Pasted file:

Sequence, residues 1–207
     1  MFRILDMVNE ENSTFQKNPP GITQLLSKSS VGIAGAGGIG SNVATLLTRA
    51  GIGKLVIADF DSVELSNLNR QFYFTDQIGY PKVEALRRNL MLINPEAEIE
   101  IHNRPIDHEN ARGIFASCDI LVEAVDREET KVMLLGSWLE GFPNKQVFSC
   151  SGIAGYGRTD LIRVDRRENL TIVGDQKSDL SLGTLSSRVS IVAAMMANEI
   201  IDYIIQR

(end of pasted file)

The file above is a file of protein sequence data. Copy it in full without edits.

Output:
Sequence, residues 1–207
     1  MFRILDMVNE ENSTFQKNPP GITQLLSKSS VGIAGAGGIG SNVATLLTRA
    51  GIGKLVIADF DSVELSNLNR QFYFTDQIGY PKVEALRRNL MLINPEAEIE
   101  IHNRPIDHEN ARGIFASCDI LVEAVDREET KVMLLGSWLE GFPNKQVFSC
   151  SGIAGYGRTD LIRVDRRENL TIVGDQKSDL SLGTLSSRVS IVAAMMANEI
   201  IDYIIQR